Demand for metal roofs is growing
If you ask professional roofers whether metal roofing is a new technology, they’ll point to the century-old barns with pristine roofs, dotting the country landscape. It may not be new, but modern metal roofing that can mimic natural slate, cedar shingles or Terra cotta tiles is a far cry from those old tin toppers.
“The asphalt shingles that are the lion’s share of the North American roofing market date back to the 1940s, so naturally homeowners are looking for newer products that will last longer and look better,” says Todd Miller, president of Ohio-based Kassel and Irons, based out of Piqua, OH. The company’s KasselWood, made in the U.S., resembles cedar shakes. It comes in panels that measure a little less than 3’ by 1’, made to look like a single row of shingles or tiles, with tabs for nails along one edge.
“It’s a big trend right now that people are having more natural facades exposed such as timber and natural rock. Now you have options; you don’t only have that asphalt shingle look,” says Matthew Burns, marketing coordinator for RVP Roofing Systems Inc., which distributes and installs the Armadura Metal Roof system, manufactured by Nahanni Steel Products Inc. of Brampton, Ont. Armadura is made from coated, galvanized steel that is pressed to look like natural slate.
Steel roofs do cost more: two to three times the prices of asphalt shingles. But most are guaranteed to last for 50 years, and may last much longer. Shingles will be replaced three to five times, or more, within the lifespan of one steel roof. For a family that intends to stay in one home for the long term, they make good financial sense. They may be less appealing to someone looking to sell soon, although they do increase appraisal value.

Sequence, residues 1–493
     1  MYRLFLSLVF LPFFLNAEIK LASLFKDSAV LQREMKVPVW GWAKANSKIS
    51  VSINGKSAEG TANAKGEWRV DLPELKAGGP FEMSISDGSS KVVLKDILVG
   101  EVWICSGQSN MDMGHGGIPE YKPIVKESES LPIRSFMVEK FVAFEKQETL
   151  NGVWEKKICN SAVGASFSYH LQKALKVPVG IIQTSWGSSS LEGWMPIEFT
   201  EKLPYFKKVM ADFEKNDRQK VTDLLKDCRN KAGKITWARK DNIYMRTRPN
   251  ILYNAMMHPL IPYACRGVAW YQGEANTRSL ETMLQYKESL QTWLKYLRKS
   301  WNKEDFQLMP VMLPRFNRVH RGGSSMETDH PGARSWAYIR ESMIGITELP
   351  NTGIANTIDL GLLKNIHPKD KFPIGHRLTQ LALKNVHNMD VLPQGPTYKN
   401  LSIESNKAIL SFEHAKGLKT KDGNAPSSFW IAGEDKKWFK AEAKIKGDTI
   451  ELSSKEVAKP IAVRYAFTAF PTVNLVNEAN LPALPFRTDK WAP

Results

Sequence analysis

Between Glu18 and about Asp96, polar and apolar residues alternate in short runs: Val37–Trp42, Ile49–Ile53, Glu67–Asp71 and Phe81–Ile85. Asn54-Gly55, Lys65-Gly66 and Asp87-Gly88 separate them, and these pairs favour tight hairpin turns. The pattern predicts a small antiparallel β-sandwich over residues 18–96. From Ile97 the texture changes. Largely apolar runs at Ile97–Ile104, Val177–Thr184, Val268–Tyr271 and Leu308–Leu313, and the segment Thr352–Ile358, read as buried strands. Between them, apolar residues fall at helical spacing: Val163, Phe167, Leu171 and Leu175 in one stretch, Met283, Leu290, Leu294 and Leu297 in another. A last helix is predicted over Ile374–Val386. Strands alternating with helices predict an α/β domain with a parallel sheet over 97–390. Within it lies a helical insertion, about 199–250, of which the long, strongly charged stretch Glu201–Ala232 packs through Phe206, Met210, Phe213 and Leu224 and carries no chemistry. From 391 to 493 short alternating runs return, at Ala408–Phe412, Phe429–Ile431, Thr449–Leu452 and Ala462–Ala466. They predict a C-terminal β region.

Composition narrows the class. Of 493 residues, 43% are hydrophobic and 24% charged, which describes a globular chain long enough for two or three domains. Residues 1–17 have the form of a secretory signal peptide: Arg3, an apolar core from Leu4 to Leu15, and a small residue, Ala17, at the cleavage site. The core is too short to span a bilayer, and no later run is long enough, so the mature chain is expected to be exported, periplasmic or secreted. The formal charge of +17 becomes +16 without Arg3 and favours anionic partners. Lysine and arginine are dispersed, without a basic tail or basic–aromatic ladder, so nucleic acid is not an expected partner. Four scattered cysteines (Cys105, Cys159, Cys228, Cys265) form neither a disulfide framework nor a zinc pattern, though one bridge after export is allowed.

Efficient and dry
Energy efficiency is another great quality. “A lot of these roofs have reflective pigments,” says Miller. “They reflect radiant heat, which can save air conditioning.”
Steel roofs also keep houses very dry. “With this technology, we fix the problem with moisture inside your attic and inside your home,” says Nicola Zaloga, managing director of Zim Group in Mississauga, Ont. He points out that moisture inside the walls drastically reduces the effectiveness of insulation and promotes mould growth; properly vented, a steel roof keeps the walls dry and diminishes the risk of ice damming.
Zim Group uses a European roll-formed material that sandwiches layers of steel, aluminum and phosphate between decorative outer coatings. These roofs look like traditional Dutch or Mediterranean clay tiles, and come in a range of standard colours. Zaloga says these types of roofs are everywhere in Europe, but not yet common in North America.
But interest is rising. “Over the past 20 years, for sure there’s been a much better acceptance of it,” says Burns. The best part? A metal roof floats the real possibility that you might never need another new roof again.